However, once winter really sets in, with night time temperatures constantly below freezing, and daytime temps in the 40’s and 50’s, there is not enough warmth to reliably ventilate the hoophouses without chilling the broilers, which have minimal feather covering, especially compared to layers. This encourages the build up of moisture on the plastic of the hoophouse, which led to a constant rain shower all night until the moisture froze, and then beginning again in the morning, until it got warm enough to ventilate. This led to high fatality rates, with quite a bit of pneumonia, something we never see in our warm season birds, and difficulty keeping the bedding from compacting and staying wet, which created perfect conditions for Cocciditis, which we never saw, but kept expecting.
The birds were extremely variable in weights at 10 weeks, from 2-4 lbs, and consumed considerably more feed than they do during warm months, which is probably in part because of the brevity of their grazing period with shorter, cooler days. The variable weights were most likely due to cool, wet, stressful conditions leading to illness and poor feed conversion.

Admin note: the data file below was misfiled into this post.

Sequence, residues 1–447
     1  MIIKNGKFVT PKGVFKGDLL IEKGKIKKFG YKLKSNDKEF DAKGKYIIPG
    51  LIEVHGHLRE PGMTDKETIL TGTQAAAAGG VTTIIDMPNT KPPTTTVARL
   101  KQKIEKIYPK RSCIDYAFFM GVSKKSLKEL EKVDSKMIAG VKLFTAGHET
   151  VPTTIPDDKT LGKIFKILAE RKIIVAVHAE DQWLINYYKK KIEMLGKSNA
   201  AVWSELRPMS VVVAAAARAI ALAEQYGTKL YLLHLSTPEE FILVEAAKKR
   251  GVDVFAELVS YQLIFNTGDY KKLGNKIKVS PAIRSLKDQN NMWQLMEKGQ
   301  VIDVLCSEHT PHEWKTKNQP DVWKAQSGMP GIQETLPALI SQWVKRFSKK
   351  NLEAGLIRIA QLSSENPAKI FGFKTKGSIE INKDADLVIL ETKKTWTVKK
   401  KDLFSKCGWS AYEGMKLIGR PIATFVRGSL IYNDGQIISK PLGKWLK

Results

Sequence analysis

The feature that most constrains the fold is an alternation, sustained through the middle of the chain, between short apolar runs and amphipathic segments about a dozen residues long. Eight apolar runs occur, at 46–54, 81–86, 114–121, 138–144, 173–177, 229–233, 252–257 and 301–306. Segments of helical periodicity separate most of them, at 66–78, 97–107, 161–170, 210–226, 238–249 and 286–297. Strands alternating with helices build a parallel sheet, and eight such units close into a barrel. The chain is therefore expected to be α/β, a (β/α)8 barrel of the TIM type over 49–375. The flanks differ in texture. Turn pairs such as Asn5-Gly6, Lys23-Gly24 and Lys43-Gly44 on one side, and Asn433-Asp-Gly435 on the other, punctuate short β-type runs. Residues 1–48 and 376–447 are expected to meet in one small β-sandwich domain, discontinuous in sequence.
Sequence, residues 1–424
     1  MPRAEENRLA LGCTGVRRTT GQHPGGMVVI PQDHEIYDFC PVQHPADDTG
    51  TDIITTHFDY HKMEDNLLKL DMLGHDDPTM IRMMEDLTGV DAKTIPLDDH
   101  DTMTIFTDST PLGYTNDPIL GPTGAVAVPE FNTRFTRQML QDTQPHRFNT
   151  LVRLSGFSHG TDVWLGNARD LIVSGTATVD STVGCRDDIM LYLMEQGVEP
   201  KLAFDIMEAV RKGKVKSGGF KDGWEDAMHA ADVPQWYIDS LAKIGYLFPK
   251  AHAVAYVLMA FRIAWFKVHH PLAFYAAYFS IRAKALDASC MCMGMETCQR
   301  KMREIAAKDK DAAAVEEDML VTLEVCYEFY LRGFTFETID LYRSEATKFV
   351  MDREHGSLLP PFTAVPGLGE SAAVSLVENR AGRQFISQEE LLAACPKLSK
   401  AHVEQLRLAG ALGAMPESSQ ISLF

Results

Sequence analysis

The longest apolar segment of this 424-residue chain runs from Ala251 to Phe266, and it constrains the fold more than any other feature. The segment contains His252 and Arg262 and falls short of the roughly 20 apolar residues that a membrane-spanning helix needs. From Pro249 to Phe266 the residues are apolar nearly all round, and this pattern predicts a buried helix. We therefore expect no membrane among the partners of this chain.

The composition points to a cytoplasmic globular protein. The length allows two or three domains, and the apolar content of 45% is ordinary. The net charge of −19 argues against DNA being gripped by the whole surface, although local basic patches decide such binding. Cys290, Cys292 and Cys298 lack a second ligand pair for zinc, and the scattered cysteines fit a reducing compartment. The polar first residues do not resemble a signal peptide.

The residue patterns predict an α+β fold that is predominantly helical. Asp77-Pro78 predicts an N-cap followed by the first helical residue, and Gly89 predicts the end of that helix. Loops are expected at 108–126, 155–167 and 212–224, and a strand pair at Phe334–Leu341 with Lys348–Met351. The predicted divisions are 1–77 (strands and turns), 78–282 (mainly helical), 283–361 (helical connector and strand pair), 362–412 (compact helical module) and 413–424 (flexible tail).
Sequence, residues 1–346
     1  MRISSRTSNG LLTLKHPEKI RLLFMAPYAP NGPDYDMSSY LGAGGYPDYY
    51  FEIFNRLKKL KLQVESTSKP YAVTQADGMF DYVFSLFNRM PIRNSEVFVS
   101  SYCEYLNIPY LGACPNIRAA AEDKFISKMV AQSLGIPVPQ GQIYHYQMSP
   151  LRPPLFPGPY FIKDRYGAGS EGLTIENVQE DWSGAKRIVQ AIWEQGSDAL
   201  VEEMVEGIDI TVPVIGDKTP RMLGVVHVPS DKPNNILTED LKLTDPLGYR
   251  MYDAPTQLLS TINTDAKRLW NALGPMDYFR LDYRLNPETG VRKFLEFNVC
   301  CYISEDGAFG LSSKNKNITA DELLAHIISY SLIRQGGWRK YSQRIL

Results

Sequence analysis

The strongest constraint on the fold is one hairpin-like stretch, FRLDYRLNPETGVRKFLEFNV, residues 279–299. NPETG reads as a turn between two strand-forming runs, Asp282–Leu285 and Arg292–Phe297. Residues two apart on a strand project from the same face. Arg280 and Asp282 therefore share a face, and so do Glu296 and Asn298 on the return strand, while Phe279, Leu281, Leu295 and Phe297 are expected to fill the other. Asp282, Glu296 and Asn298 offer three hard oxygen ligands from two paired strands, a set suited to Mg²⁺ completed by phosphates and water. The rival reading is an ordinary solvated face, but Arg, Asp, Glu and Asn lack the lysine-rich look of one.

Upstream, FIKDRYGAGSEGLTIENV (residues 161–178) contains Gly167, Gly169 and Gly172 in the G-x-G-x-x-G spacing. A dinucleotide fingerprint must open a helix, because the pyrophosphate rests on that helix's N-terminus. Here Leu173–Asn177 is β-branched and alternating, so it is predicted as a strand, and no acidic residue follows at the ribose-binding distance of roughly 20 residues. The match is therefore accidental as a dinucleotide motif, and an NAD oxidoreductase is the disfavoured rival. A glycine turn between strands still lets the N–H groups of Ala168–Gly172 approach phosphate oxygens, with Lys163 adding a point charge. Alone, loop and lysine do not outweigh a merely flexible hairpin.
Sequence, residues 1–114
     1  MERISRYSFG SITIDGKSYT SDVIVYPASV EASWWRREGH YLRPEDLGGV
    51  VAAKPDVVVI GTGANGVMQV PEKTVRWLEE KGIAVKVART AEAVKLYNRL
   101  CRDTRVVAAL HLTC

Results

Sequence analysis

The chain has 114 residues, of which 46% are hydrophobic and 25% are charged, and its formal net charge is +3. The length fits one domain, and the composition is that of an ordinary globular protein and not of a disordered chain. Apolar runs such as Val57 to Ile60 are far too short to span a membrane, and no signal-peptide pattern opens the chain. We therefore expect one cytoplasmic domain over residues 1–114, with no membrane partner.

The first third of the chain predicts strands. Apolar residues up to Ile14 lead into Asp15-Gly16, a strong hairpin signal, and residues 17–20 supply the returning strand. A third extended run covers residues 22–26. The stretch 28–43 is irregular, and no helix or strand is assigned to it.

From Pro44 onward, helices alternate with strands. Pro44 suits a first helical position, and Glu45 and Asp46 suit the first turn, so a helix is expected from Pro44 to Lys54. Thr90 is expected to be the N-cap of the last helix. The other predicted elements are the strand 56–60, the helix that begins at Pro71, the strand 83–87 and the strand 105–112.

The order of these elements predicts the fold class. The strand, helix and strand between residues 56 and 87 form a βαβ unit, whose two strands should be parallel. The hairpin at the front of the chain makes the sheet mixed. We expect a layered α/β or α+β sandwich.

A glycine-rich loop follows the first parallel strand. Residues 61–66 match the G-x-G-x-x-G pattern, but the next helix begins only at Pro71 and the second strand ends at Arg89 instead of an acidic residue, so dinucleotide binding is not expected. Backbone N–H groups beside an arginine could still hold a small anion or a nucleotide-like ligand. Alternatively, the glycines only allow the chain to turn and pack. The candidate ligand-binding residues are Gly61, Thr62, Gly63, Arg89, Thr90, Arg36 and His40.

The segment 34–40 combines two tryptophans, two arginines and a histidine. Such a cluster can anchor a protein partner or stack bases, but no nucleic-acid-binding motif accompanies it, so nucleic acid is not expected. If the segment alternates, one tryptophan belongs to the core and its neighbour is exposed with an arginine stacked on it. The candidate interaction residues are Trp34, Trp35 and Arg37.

The winter pastures of rye, radishes, and rapeseed worked well as a feed source, however we got almost zero regrowth. This means we would need a lot more pasture than we usually allot for a batch of chickens because they can’t return to the same pasture, and that it is not particularly effective as a cover crop, because it is destroyed by the chickens in one grazing. The additional fertility was good, but the bare soil in the winter was something we were trying to avoid. I think that if we do any more late fall, early winter broilers, we’ll pasture them primarily on land in more permanent pasture grasses.
We will continue to use chickens in winter garden rotations, however now we focus on using laying hens, which are much better suited to the cold conditions, as well as being more adaptable to a range of pasture conditions.